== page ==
Close your eyes and imagine a football match where an outsider, say a team ranked outside the world’s top 50, defeats one of the most-fancied sides, say a team ranked in the top three. How does it play out for you? Perhaps a gritty defensive effort over 90 (plus a few) minutes. A collective performance when the final output is greater than the sum of the individual parts. Maybe a set-piece goal that had been drilled down hard in the training grounds. The proverbial bus getting parked.
On Tuesday at the Lusail Stadium in Qatar at the 2022 Fifa World Cup, Saudi Arabia – ranked 51 in the world – defeated Lionel Messi’s Argentina – ranked No 3 and on a 36-match unbeaten run. And it didn’t quite follow the template you’d associate with such a result.
In football, you often hear the phrase smash-and-grab used to describe upsets... to describe matches where the win was stolen from a better-performing and/or higher-quality side. This was no smash-and-grab from Saudi Arabia. This was a win built on two well-taken goals (one of them worthy of the grandest stages), a first-half that had a surprise factor built in (a theme through the afternoon), and overall, a thoroughly well-drilled collective physical effort.
It wasn’t just an upset. It was three points for Saudi Arabia, thoroughly worthy of the winner.
The first half saw Argentina put the ball in the back of the net four times but score only one goal. Messi already went close at the start of the match from a flowing move as he looked to be in good touch and the goal eventually came from a surprise technology intervention.
When the Argentine captain was getting ready to take a free kick, the referee was called over to the monitor and a foul had been detected from a few seconds earlier. Messi made no mistake from the spot and when he celebrated, Argentina looked set for a stroll in the park.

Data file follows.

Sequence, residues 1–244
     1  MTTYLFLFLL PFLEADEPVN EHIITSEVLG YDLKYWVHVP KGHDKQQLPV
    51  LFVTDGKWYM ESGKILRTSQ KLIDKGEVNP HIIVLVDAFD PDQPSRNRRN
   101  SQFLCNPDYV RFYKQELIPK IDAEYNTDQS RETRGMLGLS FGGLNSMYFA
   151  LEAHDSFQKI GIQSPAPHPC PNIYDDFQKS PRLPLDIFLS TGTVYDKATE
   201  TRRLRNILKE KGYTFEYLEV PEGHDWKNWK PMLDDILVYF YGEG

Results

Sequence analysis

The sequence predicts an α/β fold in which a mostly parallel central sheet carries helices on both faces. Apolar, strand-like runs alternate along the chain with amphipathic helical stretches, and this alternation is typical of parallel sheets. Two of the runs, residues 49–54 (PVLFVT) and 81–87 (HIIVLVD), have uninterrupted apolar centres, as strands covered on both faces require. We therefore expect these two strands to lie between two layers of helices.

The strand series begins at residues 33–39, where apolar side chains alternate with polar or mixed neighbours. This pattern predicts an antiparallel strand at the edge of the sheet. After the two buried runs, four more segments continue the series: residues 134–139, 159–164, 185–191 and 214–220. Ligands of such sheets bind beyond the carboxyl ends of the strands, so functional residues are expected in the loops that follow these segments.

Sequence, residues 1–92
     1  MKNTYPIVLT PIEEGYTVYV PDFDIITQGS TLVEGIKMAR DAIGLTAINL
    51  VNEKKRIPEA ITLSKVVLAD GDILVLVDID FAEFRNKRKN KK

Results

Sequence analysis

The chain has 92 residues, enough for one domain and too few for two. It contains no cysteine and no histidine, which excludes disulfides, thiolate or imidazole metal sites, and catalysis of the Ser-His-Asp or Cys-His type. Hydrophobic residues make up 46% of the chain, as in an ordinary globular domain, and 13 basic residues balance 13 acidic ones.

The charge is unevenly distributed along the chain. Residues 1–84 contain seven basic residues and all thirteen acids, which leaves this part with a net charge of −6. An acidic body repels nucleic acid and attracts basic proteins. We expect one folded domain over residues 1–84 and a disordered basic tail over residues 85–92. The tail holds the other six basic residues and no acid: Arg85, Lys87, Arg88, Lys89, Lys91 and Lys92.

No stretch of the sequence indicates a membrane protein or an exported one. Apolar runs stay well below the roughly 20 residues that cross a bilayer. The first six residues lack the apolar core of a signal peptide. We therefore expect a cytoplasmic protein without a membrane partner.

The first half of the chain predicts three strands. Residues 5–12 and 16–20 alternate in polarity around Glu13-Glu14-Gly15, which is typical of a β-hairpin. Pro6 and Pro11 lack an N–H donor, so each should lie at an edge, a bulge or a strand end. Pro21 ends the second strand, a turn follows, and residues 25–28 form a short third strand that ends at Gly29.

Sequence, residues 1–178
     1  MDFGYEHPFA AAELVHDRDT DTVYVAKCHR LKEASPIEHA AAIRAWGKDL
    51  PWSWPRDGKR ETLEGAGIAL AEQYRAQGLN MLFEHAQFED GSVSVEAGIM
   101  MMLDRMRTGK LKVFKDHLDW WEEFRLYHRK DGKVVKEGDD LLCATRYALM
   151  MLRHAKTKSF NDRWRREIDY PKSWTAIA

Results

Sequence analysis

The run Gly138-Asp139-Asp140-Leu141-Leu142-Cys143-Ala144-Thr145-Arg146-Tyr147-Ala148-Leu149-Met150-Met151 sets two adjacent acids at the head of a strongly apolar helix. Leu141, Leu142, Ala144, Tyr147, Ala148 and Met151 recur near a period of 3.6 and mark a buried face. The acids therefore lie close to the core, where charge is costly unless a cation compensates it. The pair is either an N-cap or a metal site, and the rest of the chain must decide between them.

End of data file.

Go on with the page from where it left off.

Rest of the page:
And that is exactly why they’d get punished. Saudi Arabia’s physical intensity rarely went down on the night while Argentina struggled get out of third gear after that.
With the tournament using semi-automated technology, Argentina were on the wrong side of the margins. Lautaro Martinez’s body parts were found in violation of the high line that Saudi Arabia were holding. While at that moment it felt mildly amusing that offside was outscoring both sides, as the half (and match) went on, the Asian team’s grand plan could be seen coming together. They were not here to sit back and soak up the pressure, they had a ploy to catch La Albiceleste by surprise.
Herve Renard, the French coach of Saudi Arabia who masterminded the win, would later say he was unhappy at half time.
“During half-time I wasn’t happy because the pressure wasn’t good enough, the determination wasn’t good enough and when you come to the World Cup, you need to give everything. We can’t play as we did in the first half,” he said after the match.